After 24 h, an occlusogingival load was applied to the bracket in a universal testing machine (EMIC DL 500, São José dos Pinhais, PR, Brazil) at a crosshead speed of 0.5 mm/min producing a shear force for the debonding procedure. A computer connected to this machine recorded SBS in MPa, considering bracket area of 12 mm2.

After bracket removal, teeth and brackets were examined under a ×10 magnification using a stereomicroscope (BX 60M; Olympus, Tokyo, Japan). The simplified ARI (11) was scored as follows: 0: no adhesive left on the tooth; 1: less than half of adhesive left on the tooth; 2: more than half of adhesive left on the tooth; and 3: all adhesive left on the tooth, with distinct bracket mesh impression. According to Flores et al. (3), the possibility of all adhesive remain both on tooth and on bracket, i.e., a cohesive fracture, was included in score 3. ARI indicates that bond failure site occurred either at the enamel/adhesive interface (scores 0 and 1) or at the adhesive/bracket interface (scores 2 and 3).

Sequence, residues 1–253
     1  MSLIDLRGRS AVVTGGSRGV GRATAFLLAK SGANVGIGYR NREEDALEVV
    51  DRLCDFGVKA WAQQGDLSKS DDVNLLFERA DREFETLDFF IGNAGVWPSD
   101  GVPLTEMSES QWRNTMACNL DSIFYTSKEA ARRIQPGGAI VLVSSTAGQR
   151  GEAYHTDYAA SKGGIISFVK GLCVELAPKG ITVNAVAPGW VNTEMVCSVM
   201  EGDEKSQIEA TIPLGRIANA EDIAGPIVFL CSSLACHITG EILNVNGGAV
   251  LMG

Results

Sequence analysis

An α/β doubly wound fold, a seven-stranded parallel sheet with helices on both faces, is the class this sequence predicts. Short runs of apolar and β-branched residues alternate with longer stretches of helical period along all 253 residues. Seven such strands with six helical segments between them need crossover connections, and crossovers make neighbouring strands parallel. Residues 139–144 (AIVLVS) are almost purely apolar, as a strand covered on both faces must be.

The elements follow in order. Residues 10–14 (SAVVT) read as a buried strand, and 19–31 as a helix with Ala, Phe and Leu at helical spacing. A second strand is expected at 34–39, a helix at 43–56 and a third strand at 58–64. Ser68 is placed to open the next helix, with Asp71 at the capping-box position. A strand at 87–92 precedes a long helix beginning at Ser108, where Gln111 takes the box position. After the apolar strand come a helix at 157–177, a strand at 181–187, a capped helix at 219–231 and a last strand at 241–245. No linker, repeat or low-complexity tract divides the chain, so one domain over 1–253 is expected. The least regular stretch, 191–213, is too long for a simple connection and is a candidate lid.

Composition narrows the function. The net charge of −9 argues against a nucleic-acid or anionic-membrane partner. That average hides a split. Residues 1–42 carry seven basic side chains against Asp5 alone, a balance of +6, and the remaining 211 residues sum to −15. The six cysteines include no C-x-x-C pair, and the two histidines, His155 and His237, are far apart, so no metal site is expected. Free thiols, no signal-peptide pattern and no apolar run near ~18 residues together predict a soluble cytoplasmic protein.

The Kolmogorov-Smirnov and Levene tests were used to confirm the data normality and homogeneity, respectively. Then, two-way ANOVA (etching agent and light-curing time) and Tukey's HSD test were used to compare the SBS means among the groups. The prevalence of ARI scores among the groups was compared by the Kruskal-Wallis test. For both SBS and ARI data, a significance level of 0.05 was set for identifying any statistically significant differences.

RESULTS

SBS

There was no statistically significant difference (p>0.05) among the groups when the etching agent was considered, independently of the light-curing time and when light-curing time was considered regardless of the etching agent. However, when etching agent and light-curing time were associated, statistically significant difference (p<0.05) was observed in at least one group.

G2, which used 37% phosphoric acid and 40 s light-curing time, presented significantly higher SBS than G1 and G4 (p<0.05). G2 also presented higher values than G3, although it was not statistically significant (p>0.05). There was no statistically significant difference (p>0.05) among G1, G3 and G4 (Table 1).